Stallion-to-stallion variability in the quality of cryopreserved ejaculates postthaw affects the commercial acceptability of frozen semen and thus is a major constraint for the equine industry. In recent years, the molecular mechanisms associated with sperm damage during cryopreservation have become better understood. Identification of the freezability of the ejaculates before the freezing process is initiated will have a major impact on the equine industry. We studied three markers of oxidative stress in sperm, including 8-iso-PGF2alpha, 8-OH guanosine, and 4-hydroxynonenal (4-HNE); the presence of active caspase 3; and their changes after sperm cryopreservation. Although 4-HNE levels increased after cryopreservation (from 7% to 33%, P < 0.001), 8OH-guanosine and 8-ISO-PGF2alpha levels decreased after cryopreservation (from 130 to 35 arbitrary fluorescence units, P < 0.01, and from 1280 to 1233, P < 0.01, respectively). Postthaw sperm quality was classified as poor, average, or good using the 25th and 75th percentiles of all assays of sperm quality studied (motility, velocity, membrane functionality, and thiol content) as thresholds. Using these values, a sperm postthaw quality index was proposed. Receiver operating characteristic curves and the Youden J statistic were used to investigate the value of the measured parameters in fresh sperm as predictors of potential freezability. Using these techniques, we identified markers of bad freezers (percentages of caspase 3-positive dead sperm [area under the curve (AUC) = 0.820, P < 0.05] and percentages of caspase 3- and 4-HNE-positive sperm [AUC = 0.872, P < 0.05]) and good freezers (percentages of caspase 3-negative live sperm [AUC = 0.815, P < 0.05], percentages of live sperm with high thiol content [AUC = 0.907, P < 0.01], and percentages of 8-ISO-PGF2alpha-positive sperm [AUC = 0.900, P < 0.01]. Moreover, we described for the first time the presence of 8-ISO-PGF2alpha in stallion spermatozoa and revealed the importance of considering different markers of oxidative stress.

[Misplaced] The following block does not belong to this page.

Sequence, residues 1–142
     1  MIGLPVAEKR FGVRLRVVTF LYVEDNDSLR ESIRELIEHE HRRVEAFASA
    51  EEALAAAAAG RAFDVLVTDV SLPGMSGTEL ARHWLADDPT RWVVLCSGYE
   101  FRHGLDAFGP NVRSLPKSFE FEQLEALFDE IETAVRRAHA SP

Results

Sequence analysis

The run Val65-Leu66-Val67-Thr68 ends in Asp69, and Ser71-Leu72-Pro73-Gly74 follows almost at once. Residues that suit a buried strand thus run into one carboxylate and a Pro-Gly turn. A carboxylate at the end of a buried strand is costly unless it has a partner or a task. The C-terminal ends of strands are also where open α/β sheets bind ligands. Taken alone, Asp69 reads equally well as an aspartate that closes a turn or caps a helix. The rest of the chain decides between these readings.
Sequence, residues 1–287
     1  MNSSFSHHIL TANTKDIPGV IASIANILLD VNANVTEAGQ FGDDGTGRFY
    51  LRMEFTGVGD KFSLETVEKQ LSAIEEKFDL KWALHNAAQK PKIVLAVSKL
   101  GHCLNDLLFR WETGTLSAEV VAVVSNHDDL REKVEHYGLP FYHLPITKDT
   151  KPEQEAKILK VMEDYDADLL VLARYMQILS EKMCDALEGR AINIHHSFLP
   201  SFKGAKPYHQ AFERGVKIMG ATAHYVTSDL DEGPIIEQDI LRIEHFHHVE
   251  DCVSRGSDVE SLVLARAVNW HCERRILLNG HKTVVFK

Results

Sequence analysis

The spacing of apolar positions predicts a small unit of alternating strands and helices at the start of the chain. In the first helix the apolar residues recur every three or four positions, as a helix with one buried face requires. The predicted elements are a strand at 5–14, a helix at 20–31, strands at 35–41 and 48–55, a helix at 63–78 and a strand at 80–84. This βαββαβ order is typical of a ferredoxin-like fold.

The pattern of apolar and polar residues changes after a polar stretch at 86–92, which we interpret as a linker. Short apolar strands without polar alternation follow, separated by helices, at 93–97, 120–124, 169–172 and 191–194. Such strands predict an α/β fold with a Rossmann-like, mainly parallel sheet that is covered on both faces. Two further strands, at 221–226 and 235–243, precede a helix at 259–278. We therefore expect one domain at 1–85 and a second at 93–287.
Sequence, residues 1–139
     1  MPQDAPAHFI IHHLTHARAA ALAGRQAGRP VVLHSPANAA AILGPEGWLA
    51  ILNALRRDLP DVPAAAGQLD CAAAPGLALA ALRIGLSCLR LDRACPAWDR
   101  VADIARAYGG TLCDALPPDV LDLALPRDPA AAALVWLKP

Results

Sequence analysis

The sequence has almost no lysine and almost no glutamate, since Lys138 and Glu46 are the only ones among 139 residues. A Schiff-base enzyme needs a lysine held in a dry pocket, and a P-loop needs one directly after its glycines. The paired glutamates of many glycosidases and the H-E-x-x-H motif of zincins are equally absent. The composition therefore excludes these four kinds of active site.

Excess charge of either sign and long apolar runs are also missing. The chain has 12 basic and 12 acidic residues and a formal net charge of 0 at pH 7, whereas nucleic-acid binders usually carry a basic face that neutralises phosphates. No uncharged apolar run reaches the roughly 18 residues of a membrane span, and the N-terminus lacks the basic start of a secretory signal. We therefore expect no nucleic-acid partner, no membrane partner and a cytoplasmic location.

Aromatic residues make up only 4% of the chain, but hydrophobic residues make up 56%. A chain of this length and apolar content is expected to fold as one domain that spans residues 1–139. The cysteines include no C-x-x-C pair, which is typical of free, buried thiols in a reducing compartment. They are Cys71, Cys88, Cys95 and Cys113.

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Vol. 95 • No. 3